Still, despite the failure to re-invent, this genre represented some of the same “coolness” as we find now through Potter-mania, teen vampires, costumed heroes, digital 3D and Hannah Montana.


Actually, the P.C. movement has legitimized the Harley or Yamaha one, and embraced equality for the recreational aspects, as those riding into the sunset often now have credit cards, a Rolex, grey hairs or other stuff.

Many films have a character on a bike, but the vehicle is merely a prop, not integral to the film’s theme. An in-production documentary, “Biker Mania,” will celebrate the genre’s best with both trailers and scenes from the 1950s until now.

• Sons of Anarchy (2009 TV) — Following the lives of an outlaw biker family (starring Katey Sagal, Charlie Hunnam and Ron Perlman) in Charming, Calif., many of the bikers are mechanics by day and at night on their Harleys protect truck shipments from hijackers, keep meth traffickers from entering the town and sell illegal weapons to affluent gangs from the Contra Costa (East Bay) community near S.F., where bands with names like MC Hammer and Rancid started in this area near the UC Berkeley.

• Ghost Rider (2007) — The bike meets comic book quasi-superhero as played by Nicholas Cage. After selling his soul to save his dying father, a stunt cyclist, Cage, makes a new deal with the devil to become a supernatural enforcer of justice and vengeance.

• Wild Hogs (2007) — Nostalgic baby boomers/suburbanites flee their politically correct routines for the open road, wearing leather jackets and riding polish chrome cycles. These dudes likely had designer leather jackets on their backs too.

• Motorcycle Diaries (Diarios de motocicleta , 2004) — Dramatizes a youthful motorcycle road trip taken by Che Guevara (leader of the Cuban revolution), who at the age of 23 travels through South America with his best friend prior to completing their medical residencies at a leper colony.

• Biker Boyz (2003) — Colors and plastic now coat motorcycles in this story of African American racing clubs in Southern California. No unlawful actions here, these boys in colorful costumes race for the sport, but bikers still bond by their mutual love for the cycle.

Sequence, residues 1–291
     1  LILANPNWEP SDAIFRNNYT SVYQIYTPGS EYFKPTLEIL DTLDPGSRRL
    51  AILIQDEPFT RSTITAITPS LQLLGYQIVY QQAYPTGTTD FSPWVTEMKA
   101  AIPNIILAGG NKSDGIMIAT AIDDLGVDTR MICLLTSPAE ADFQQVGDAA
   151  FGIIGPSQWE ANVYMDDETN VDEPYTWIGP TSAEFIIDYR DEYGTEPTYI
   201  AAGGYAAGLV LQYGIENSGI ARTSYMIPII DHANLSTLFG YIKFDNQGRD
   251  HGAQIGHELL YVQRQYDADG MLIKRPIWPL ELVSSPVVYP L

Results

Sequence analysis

• Stone Cold — Brian Bosworth found himself nominated for a “Razzie” in this over the top sleazy and violent story of a cop infiltrating a Mississippi white-supremacist biker gang ran by a psycho named Chains Cooper. Look for: Machine gunning of Ritz crackers; chains demanding, “I need a new bitch” and an after store fight remark, “You gotta clean up on Aisle 4.”

• Chopper Chicks in Zombietown (1991) — Spoofing the genre, the Cycle-Sluts cruise into a town where a mortician turns people into zombies to work in a radioactive underground mine. When they flee the mountain, they gorge on human flesh, but the Sluts hack off heads using chainsaws, baseball bats, welding torches and a garrote. Look for: Zombie meat No. 1. Campy representation of how once controversial topics became socially acceptable and subject to “Reefer Madness” mockery.


• Easy Rider (1969) — Representing the disillusioned counterculture generation, bikers Wyatt (Peter Fonda wearing an American flag adorned on his leather jacket) and Billy (Dennis Hopper dressed in buckskin pants/shirts) sell some drugs in California then head for the Mardi Gras, searching for freedom and smoking dope along the highway. “Rider” incorporated the Hippie movement into the cycle culture. Wyatt and Billy take a hitchhiker to a commune where they grasp the notion of ‘free love’ and score some LSD. The scope of the social commentary rises as they befriend an alcoholic, square ACLU attorney (Jack Nicholson) who mouths off about a country talking about freedom that’s filled with bigots who frown on partakers of individualism. Prostitutes, a psychedelic trip and reflections on the benefits of materialism versus spirituality hammer viewers.